Bank of Israel: No Policy Change This Month

April 26, 2010

Contrary to the view of some analysts, the Bank of Israel’s short-term borrowing rate was not raised today by a further 25 basis points but rather left steady at 1.50%.  Only Australia’s five rate increases surpass Israel’s four.  Those increases, like Australia’s, were all by 25 basis points and were implemented last August, November, December and March.  A statement from Israeli monetary officials called policy “expansionary” and in a process of “gradual” normalization.  Since rates were lifted only a month ago, an increase this month would not be consistent with a “gradual” path.  None of the major determinant of the timing of future increases required a move now, either.  Consumer prices rose 3.2% over the twelve months to March but at a slower underlying pace in 1Q10.  Inflation is likely to move below the Bank’s target range mid-point later in 2010, and indications of expected inflation are already down to 2.7% and receding.  Israeli growth is better entrenched but not sizzling.  GDP rose 2.4% between 4Q08 and 4Q09 and is unlikely to reach 3.5% this year.  Global growth is still subject to high uncertainty and some risk.  The shekel continued to rise in the past month, climbing 0.9% against the euro and 0.2% versus the dollar.  Other central bank interest rates continue to be low.  Presumably that suggests that more aggressive rate tightening in Israel could cause a steeper appreciation of the exchange rate than Israeli officials would like to see.  Israel’s prior peak interest rate level was at 4.25% prior to 375 basis points of easing implemented from October 2008 to March 2009.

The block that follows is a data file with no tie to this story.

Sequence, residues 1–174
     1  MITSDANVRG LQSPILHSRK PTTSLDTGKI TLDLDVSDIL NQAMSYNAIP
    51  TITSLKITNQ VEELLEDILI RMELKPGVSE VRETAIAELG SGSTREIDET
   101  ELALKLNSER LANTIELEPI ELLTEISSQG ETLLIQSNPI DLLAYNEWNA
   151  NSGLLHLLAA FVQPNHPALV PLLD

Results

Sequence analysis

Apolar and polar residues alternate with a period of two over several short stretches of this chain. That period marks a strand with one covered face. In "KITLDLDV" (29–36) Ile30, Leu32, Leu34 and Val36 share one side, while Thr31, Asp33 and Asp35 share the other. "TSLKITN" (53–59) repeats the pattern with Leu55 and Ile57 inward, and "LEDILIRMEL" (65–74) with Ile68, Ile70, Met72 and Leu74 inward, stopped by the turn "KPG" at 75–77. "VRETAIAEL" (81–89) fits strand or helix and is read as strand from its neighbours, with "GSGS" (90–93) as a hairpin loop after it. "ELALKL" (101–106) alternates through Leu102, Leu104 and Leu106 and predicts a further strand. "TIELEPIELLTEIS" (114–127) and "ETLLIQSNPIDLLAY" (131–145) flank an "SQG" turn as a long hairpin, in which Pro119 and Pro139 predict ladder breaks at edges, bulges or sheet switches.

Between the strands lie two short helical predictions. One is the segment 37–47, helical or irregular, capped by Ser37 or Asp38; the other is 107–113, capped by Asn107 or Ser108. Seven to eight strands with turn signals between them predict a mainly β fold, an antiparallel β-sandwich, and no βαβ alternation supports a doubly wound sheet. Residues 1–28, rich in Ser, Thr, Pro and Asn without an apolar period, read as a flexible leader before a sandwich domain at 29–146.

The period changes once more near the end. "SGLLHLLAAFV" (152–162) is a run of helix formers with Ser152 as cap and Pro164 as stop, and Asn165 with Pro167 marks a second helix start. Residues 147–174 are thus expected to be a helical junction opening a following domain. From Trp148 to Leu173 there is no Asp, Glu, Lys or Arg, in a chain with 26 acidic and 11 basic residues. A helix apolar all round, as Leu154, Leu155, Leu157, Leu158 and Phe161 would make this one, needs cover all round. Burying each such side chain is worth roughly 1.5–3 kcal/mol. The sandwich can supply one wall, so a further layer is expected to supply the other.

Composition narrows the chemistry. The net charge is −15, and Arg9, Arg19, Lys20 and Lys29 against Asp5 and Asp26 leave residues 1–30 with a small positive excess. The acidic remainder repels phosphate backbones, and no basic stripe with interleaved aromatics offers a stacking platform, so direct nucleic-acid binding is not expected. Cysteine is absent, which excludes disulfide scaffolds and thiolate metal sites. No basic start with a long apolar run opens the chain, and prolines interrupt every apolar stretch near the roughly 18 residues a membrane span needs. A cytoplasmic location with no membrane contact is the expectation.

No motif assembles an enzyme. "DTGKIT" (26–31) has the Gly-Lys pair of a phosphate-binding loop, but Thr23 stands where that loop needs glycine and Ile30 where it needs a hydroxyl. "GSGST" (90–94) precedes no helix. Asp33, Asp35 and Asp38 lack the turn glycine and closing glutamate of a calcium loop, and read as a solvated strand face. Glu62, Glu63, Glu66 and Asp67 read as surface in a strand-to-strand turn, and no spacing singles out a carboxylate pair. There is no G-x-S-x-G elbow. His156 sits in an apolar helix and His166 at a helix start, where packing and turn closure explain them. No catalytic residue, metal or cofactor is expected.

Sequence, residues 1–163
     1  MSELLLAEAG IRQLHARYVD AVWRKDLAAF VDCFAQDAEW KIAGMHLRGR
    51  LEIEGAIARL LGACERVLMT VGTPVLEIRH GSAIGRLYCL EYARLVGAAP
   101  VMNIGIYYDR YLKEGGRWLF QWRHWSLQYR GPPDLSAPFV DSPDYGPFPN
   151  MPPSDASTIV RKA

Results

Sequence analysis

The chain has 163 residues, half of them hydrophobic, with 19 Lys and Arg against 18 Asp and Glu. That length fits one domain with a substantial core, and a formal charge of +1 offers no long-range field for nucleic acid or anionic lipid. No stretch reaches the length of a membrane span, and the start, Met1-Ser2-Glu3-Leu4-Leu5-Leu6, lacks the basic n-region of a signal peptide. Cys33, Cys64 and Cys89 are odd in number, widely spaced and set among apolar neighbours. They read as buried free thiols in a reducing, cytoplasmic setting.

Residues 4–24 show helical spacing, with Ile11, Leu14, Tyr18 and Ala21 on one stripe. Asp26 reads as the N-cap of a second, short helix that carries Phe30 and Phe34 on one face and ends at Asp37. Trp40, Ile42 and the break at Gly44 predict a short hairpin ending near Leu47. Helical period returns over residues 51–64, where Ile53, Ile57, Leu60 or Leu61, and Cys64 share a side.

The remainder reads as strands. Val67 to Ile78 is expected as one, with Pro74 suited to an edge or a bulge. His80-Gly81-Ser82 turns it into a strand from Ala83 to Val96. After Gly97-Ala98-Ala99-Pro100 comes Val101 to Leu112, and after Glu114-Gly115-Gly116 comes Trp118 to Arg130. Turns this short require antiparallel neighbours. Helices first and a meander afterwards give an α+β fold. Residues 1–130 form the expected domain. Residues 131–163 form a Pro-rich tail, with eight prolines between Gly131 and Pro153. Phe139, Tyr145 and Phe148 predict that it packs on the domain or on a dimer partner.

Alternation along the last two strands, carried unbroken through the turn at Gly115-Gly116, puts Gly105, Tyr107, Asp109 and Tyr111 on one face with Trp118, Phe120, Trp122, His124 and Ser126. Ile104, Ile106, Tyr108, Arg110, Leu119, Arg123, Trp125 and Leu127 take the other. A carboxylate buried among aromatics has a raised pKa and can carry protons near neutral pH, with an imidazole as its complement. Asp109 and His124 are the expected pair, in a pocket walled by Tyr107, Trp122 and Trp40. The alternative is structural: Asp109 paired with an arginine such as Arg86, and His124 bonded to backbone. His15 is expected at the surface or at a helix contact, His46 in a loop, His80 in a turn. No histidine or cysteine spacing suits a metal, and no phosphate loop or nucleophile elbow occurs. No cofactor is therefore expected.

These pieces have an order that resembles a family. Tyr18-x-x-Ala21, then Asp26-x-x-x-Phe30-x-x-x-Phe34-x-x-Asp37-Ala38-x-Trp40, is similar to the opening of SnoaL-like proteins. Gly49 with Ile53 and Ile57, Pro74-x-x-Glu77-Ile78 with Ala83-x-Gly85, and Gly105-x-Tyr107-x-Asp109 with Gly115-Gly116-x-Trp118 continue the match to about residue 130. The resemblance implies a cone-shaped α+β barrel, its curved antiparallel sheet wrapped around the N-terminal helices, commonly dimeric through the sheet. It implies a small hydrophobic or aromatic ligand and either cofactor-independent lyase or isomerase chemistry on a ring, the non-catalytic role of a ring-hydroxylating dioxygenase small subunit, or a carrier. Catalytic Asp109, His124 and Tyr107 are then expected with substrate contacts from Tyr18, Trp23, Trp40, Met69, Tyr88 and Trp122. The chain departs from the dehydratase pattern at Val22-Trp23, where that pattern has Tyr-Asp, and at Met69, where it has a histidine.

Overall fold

Copyright Larry Greenberg 2010.  All rights reserved.  No secondary distribution without express permission.



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